Fortunately, (for them not us) something wonderful happened when the then Minister of DEAT, Marthinus van Schalkwyk, received world-wide acclaim and awards for having created MPAs. The public at large and the bunny hugging organisations issuing the awards and acclaim just didn’t get the paper parks memo.  So positively were the MPAs received that it motivated the current bumper crop of administrators to create even more MPAs (2018) and they are once again receiving high acclaim.  My mind boggles that the South African public are so blissfully unaware of how they are being mislead into believing that marine environmental conservation is being well managed.  I get a little steamed up when divers say how wonderful it is to be diving in an MPA with abundant marine life, when they have no experience of what it was like before the MPA existed. The simple truth is that is it would most likely be exactly the same.  That’s because the beauty of our reefs is mainly due to their own innate resilience and diversity, and nothing to do with being in an MPA.  If MPAs don’t have real physical positive actions associated with them they are meaningless and just distract us from the real issues that put our reefs and marine life in danger.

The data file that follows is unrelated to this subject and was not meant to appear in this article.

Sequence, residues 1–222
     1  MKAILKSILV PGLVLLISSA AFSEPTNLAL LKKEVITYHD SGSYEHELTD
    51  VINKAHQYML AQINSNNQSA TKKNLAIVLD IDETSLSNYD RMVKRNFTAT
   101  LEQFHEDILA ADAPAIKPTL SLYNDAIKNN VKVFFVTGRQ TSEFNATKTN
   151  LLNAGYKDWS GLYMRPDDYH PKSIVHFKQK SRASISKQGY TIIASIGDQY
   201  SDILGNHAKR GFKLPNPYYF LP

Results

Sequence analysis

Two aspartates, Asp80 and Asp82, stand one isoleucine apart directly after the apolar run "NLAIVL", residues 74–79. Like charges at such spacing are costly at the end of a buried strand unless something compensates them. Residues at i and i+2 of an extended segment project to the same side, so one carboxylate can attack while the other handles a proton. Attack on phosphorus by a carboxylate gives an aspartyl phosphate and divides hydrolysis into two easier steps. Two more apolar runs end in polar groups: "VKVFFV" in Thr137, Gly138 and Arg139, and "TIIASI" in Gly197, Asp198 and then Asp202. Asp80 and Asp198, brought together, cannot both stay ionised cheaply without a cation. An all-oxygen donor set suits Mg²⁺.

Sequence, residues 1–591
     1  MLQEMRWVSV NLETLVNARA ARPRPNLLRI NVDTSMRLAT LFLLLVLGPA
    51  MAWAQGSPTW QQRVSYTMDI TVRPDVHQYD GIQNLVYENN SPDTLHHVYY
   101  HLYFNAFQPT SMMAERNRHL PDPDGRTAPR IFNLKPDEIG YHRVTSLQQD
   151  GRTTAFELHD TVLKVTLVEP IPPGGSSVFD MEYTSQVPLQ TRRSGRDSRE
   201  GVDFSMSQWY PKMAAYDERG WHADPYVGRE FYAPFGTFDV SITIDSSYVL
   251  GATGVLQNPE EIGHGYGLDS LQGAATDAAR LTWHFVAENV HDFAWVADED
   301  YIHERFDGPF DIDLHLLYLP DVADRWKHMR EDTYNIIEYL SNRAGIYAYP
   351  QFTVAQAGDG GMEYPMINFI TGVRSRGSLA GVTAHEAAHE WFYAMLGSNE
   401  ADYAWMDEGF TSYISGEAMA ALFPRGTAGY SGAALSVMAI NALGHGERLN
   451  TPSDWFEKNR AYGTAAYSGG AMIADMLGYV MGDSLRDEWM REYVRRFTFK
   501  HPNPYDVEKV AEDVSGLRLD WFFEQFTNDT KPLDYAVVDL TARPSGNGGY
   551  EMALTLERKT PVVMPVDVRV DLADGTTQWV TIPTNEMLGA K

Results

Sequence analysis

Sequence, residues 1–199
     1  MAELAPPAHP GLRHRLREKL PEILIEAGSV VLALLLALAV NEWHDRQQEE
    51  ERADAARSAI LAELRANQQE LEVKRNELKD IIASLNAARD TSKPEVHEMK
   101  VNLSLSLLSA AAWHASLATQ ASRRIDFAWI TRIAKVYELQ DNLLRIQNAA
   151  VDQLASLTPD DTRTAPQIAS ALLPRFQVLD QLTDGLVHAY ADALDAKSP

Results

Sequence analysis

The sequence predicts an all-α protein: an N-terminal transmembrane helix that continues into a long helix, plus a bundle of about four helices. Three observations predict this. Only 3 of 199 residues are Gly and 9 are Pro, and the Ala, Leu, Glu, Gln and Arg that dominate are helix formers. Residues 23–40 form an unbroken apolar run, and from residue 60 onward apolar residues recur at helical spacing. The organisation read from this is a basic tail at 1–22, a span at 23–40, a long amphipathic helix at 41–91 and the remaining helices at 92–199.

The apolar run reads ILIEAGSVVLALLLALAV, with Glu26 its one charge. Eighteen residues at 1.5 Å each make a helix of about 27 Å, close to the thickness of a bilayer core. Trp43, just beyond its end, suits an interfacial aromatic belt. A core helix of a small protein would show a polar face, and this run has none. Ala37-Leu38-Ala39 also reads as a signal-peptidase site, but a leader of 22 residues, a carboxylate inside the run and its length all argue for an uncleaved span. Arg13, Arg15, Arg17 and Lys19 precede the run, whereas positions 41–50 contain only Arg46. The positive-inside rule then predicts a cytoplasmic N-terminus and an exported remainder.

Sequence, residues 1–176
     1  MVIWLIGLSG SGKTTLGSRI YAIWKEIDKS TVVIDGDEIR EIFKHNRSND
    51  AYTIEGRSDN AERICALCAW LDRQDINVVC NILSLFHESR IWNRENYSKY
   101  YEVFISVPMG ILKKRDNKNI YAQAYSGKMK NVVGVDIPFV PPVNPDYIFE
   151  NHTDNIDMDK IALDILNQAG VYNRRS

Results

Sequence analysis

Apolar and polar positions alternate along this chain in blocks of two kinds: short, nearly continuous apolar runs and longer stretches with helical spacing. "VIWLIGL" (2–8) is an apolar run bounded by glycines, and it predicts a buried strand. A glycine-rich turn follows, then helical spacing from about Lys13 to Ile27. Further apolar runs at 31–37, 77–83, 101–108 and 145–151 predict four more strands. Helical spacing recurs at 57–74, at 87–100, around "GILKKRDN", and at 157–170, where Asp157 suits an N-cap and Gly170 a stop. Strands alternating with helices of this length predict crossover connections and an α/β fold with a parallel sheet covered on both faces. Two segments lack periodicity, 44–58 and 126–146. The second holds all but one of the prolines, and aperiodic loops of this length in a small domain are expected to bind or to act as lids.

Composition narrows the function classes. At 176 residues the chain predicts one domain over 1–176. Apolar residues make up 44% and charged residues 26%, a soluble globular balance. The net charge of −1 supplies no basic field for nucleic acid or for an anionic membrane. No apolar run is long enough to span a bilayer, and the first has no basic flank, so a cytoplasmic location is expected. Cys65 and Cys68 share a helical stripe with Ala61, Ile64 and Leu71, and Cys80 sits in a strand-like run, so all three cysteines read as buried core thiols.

So what are those issues? I think of them as the Big 5;

1.     Poorly regulated, managed and policed commercial and recreational fisheries.

2.     Sewage: Up to 50 million litres of raw sewage is pumped into the TMNP MPA every day.

3.     Poaching: Abalone and Crayfish poaching are rampant.

4.     Pollution: Plastic litter and fishing line can be found throughout the TMNP MPA.

5.     Whale entrapment; Every year a few whales die from becoming trapped in ropes or nets within the TMNP MPA.